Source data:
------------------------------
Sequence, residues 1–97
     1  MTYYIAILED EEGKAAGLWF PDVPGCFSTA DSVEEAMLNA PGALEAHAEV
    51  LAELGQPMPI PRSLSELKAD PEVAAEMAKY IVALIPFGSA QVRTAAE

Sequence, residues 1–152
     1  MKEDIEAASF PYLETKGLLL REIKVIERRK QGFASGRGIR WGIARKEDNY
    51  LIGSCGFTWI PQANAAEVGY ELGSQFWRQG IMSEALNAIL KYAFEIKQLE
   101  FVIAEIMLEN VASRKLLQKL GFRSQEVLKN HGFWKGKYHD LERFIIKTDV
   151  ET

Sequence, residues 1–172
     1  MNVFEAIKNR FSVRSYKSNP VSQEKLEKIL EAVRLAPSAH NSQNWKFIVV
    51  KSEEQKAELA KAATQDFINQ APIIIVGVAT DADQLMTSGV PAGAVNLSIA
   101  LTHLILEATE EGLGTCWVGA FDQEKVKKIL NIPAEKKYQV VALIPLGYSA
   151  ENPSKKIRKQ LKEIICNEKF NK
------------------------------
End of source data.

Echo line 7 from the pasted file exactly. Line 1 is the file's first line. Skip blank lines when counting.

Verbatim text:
   101  FVIAEIMLEN VASRKLLQKL GFRSQEVLKN HGFWKGKYHD LERFIIKTDV